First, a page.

Mad Magazine to close?

MAD magazine, the satirical publication which once had a circulation of more than 2 million, is reportedly shutting down after 67 years, longtime MAD contributor David DeGrand confirmed. The magazine has not made an announcement.  Perhaps its another spoof?
Reports say the magazine will continue with reprint material and new covers but will not be on US newsstands and only available to subscribers and comic shops. DC Comics expect to still produce Mad Specials.

Last year ComicScene intended to publish a story by Marc Jackson about the relaunch of MAD, to tie in with our humour issue.  Unfortunately it was dropped at the 11th hour – so we thought today might be a fitting day to put it online.  MAD magazine, a new gang of idiots by Marc Jackson

Last year something not very funny happened and it happened to MAD magazine. In it’s 65 year reign as the world’s greatest satire magazine (my words, but don’t argue with me, I AM right) every issue was put together and brought to the people from their New York offices. Founded in 1952 by Harvey Kurtzman and publisher William Gaines, MAD was initially a comic book that then became the magazine as it is known today. Famed for it’s movie parodies and spoofs of popular culture it pushed the envelope and poked fun all at the same time. Sometimes, it might have even poked fun at the envelope, with MAD, it wouldn’t be a surprise if so.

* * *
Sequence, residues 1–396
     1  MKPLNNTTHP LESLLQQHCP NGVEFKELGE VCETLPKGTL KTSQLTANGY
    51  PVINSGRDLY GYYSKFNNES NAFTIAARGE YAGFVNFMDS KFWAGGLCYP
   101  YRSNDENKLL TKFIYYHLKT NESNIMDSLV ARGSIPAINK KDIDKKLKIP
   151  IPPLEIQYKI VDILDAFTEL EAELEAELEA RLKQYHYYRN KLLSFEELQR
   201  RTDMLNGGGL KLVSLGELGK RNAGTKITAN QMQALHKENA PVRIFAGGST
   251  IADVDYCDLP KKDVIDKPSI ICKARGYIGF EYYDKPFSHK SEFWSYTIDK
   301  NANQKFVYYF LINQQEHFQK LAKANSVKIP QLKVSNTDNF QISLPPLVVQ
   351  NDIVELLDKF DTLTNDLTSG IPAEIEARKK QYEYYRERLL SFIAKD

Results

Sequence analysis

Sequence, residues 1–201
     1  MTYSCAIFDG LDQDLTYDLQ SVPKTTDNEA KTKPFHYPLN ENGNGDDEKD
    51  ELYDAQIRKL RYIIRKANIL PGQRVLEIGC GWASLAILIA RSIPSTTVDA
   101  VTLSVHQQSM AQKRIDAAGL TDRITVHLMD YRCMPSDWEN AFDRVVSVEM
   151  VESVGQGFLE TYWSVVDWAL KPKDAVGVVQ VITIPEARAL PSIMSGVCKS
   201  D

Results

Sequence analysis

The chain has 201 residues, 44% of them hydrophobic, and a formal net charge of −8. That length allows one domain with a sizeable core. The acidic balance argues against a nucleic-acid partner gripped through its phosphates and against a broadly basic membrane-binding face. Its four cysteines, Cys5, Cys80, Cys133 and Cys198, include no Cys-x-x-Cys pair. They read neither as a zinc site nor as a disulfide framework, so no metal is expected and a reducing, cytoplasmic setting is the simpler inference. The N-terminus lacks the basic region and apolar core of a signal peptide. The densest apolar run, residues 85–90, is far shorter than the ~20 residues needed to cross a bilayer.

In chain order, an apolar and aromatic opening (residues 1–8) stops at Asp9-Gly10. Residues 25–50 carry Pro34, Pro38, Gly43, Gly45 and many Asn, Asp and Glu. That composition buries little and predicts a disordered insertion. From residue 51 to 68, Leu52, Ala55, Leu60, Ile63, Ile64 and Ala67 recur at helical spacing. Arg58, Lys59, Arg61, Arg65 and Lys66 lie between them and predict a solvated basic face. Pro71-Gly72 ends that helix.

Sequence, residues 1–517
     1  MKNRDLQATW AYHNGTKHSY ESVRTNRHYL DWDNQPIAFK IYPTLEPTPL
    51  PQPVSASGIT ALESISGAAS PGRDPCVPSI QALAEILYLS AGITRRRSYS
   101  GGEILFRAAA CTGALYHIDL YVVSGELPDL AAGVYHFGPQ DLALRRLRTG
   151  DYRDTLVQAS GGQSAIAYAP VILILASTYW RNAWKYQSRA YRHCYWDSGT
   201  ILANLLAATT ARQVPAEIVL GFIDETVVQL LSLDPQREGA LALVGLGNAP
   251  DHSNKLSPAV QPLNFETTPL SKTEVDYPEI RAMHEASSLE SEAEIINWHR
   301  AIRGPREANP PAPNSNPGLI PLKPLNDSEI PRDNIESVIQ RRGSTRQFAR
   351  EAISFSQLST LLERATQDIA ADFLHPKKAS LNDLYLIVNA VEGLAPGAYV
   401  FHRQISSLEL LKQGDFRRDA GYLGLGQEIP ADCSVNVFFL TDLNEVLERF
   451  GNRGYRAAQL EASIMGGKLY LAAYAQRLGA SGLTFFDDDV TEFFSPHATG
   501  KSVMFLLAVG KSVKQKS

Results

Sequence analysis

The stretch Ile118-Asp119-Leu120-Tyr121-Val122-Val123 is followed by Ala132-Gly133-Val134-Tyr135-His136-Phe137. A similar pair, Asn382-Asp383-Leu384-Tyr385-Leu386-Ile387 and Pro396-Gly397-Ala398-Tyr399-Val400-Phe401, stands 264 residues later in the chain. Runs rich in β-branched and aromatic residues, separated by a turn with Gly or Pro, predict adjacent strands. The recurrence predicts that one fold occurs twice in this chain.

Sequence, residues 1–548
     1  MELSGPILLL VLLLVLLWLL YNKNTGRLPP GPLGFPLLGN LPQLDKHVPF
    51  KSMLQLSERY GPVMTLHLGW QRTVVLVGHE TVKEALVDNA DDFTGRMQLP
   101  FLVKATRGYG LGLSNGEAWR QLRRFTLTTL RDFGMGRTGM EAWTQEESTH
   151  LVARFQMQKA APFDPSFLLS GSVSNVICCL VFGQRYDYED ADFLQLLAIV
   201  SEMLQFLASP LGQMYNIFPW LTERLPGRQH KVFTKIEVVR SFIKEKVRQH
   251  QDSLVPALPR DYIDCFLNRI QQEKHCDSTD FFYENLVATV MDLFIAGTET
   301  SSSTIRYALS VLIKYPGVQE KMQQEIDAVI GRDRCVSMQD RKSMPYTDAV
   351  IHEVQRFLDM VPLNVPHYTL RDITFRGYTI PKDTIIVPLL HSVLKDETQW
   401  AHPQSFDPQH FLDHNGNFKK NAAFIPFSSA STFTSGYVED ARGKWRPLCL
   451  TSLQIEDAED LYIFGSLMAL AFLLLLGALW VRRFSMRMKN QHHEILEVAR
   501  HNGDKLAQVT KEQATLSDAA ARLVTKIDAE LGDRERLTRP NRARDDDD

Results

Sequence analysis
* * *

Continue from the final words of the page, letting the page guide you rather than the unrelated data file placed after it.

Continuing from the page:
Over the year’s it openly mocked politicians, particularly the slew of goons inhabiting the White House and no movie was safe. Star Wars, Jaws, West Side Story, Bond, The Wizard of Oz, Superman and the Graduate all got the MAD treatment. But the thing was, not only were the spoofs funny, they were beautifully drawn. The talent and time spent to create these great strips showcased not just a spoof but a love of all things cartoony and how you can poke fun, but still love your subject matter. Well, apart from in the Trump related comics of course.